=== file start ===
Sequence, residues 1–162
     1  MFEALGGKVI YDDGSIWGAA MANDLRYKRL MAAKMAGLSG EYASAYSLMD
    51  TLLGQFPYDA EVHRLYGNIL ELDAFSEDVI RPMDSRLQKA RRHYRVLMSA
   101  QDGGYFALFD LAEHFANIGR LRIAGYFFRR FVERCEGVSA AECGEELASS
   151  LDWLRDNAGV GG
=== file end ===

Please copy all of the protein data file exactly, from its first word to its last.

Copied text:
Sequence, residues 1–162
     1  MFEALGGKVI YDDGSIWGAA MANDLRYKRL MAAKMAGLSG EYASAYSLMD
    51  TLLGQFPYDA EVHRLYGNIL ELDAFSEDVI RPMDSRLQKA RRHYRVLMSA
   101  QDGGYFALFD LAEHFANIGR LRIAGYFFRR FVERCEGVSA AECGEELASS
   151  LDWLRDNAGV GG